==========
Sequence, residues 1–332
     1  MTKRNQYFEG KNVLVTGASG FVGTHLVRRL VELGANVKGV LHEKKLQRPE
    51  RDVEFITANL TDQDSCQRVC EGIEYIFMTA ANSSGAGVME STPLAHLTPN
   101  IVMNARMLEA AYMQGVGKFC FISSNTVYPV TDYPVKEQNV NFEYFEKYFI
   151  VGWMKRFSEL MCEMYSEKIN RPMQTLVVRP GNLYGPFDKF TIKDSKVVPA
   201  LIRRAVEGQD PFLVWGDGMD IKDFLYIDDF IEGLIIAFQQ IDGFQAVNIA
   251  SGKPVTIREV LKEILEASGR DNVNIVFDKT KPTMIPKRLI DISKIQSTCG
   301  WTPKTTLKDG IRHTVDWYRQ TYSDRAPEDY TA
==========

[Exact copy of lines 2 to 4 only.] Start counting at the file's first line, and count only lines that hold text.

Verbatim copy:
     1  MTKRNQYFEG KNVLVTGASG FVGTHLVRRL VELGANVKGV LHEKKLQRPE
    51  RDVEFITANL TDQDSCQRVC EGIEYIFMTA ANSSGAGVME STPLAHLTPN
   101  IVMNARMLEA AYMQGVGKFC FISSNTVYPV TDYPVKEQNV NFEYFEKYFI